By JOYCE COMINGORE
Come one come all, to the greatest flower show in Lee County! See the clouds of color at the free Hibiscus Show.
The James E. Hendry Chapter of the American Hibiscus Society is holding its show Sunday June 3, at the Araba Shriner's Temple, 2010 Hanson St., in Fort Myers. There are plants for sale. These are examples of the finest hibiscus rosa-sinensis genus, better known as the "Queen of the Tropics."
Hibiscus are a genus of the Mallow family-Malvaceae. With over 250 species, this genus includes both annual and perennial herbaceous plants, shrubs and trees. It includes Hibiscus Cannabinus, useful in paper making, okra, cotton, marshmallows, hemp (rope) to roselle for tea making.
All parts of the hibiscus are edible, the leaves and blooms in salads, pickled or battered and fried, dried, candied. Some red ones are used for dyes, and it has long been known as the shoe-black plant, used to polish shoes, dye hair and eyebrows. Red flowers, when crushed, turn to black, which is why they are not used to wear in Hawaiian leis. Their roots are used in Indian traditional (Ayurveda) medicines as well as a number of medical uses in Chinese herbology.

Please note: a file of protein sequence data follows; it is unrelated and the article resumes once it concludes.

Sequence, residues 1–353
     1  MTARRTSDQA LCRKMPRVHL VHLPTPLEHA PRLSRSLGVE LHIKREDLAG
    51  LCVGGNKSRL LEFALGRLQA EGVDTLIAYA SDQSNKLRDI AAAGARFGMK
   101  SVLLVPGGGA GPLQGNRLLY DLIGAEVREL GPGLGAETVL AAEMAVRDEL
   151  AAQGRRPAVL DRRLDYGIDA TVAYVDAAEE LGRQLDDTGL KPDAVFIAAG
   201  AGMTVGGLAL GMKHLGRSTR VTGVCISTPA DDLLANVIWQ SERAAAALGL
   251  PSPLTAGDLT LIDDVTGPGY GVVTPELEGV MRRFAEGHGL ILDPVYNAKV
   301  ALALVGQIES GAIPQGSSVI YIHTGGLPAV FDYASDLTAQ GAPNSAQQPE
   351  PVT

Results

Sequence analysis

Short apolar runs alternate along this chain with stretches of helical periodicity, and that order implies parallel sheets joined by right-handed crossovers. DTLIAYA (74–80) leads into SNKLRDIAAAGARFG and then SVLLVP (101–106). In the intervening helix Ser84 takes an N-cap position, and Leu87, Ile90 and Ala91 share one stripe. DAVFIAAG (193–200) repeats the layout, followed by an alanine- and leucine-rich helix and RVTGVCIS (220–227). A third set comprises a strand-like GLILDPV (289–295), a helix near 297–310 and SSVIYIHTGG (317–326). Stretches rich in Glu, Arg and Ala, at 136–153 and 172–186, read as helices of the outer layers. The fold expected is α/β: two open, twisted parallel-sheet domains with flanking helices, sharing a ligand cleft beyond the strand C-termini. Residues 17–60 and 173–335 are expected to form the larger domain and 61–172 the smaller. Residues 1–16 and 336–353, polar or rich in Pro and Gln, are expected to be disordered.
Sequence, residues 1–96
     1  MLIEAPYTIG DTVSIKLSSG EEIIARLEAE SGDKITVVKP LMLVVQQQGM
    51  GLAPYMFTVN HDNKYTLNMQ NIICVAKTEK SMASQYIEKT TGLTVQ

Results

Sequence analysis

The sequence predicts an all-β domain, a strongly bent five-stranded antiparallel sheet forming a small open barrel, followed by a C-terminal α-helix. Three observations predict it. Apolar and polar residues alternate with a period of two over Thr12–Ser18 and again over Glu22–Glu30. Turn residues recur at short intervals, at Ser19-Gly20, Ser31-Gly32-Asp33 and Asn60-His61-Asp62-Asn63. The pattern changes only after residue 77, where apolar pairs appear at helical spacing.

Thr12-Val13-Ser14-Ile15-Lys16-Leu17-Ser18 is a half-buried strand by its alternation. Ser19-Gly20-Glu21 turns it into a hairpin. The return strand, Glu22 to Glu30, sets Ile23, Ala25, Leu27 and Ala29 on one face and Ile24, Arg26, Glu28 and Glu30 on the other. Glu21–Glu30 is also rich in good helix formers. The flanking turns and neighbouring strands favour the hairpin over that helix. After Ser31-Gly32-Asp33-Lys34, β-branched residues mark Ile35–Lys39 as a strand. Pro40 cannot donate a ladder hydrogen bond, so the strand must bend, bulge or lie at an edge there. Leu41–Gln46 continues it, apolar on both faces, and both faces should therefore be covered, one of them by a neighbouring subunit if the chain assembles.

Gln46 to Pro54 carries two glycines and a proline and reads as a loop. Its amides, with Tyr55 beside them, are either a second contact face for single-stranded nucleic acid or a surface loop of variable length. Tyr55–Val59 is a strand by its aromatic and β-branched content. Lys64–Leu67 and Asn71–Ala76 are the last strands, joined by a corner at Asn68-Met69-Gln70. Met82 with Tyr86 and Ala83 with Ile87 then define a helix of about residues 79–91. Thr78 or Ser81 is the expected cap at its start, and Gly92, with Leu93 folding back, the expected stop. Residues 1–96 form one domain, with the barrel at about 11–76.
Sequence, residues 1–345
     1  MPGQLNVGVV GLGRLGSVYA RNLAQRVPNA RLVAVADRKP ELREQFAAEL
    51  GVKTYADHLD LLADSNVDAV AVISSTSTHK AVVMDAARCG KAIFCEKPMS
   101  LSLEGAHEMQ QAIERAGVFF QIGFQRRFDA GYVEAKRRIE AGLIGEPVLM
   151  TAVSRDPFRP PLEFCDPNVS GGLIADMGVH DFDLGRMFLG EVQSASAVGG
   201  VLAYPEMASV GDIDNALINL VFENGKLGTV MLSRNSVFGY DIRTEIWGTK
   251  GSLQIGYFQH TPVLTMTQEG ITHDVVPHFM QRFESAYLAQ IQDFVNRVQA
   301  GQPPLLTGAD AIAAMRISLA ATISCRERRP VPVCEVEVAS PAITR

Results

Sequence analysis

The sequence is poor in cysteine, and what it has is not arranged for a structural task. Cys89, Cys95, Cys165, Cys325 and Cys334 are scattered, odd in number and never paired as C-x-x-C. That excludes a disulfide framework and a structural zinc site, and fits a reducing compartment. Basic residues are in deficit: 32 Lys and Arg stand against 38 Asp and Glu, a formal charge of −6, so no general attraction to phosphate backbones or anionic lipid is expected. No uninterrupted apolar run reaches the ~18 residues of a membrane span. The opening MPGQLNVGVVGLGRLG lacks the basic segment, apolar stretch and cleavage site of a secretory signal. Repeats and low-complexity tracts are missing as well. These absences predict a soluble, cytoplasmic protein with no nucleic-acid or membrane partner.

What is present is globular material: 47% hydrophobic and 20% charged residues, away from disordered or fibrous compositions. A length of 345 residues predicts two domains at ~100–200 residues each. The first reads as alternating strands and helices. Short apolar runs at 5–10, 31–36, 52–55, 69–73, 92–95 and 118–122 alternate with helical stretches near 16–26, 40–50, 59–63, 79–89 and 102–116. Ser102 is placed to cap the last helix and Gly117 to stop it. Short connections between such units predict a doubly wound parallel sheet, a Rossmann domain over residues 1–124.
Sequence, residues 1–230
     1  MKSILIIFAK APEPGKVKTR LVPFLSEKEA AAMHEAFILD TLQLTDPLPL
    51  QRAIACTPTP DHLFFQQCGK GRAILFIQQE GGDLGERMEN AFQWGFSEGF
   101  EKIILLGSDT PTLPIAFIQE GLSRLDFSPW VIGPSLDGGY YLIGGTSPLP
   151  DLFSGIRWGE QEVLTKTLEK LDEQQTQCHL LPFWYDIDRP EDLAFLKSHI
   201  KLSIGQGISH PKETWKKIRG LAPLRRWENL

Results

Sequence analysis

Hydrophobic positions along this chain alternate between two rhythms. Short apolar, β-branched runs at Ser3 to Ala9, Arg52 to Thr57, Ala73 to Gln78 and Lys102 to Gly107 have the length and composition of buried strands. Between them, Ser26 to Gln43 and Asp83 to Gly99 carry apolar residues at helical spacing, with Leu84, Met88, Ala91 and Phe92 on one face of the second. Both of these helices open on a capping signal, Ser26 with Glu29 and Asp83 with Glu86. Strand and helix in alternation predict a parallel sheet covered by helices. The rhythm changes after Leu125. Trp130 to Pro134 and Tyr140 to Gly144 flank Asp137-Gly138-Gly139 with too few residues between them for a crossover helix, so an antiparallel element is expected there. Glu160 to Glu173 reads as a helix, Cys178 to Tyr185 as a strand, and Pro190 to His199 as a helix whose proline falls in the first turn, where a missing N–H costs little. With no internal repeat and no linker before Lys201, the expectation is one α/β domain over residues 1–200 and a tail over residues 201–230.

Symbolically, it is the state flower of our 50th state, Hawaii. Hibiscus syriacus is the much honored national flower of South Korea and the Rosa-sinensis is the national flower of Malaysia. The red hibiscus is the flower of the Hindu goddess Kali, and appears with her in the art of Bengal, India. This hibiscus is used as offerings to goddess Kali and Lord Ganesha in Hindu worship. Tahitian women tuck a single flower behind their right ear to show they are looking for a lover, and behind the left to say a lover has been found.
In 1753, Carolus Linnaeus, a Swedish botanist that is the father of taxonomy, published his "Species Plantarium," grouping several species of hibiscus under the name Rosa-sinensis, rose of China, because they had been found in China. Because no origin of wild species can be found in China, and DNA has been found in India, there is a growing belief that India is the origin of hibiscus. Migrating people brought their cuttings in two different routes-one to China and the other route went into the Indian Ocean and South Pacific islands. The most significant hybridizing began in the early 20th century in Hawaii, India, Ceylon, Fuji and in Florida.
In 1881, Pliny and Egbert Reasoner of Bradenton (Oneca) Florida became the first commercial nurserymen to take an interest in bringing hibiscus wood from Hawaii to propagate hibiscus. Hibiscus' popularity surged during the Roaring '20s here, and subsided until after World War II.
A great deal of confusion in variety names existed. Name tags were lost in shipping wood and plants of the same variety were being given local names, hence, James Hendry bloom is also Hula Girl. No information was available on the care, cultivation and culture.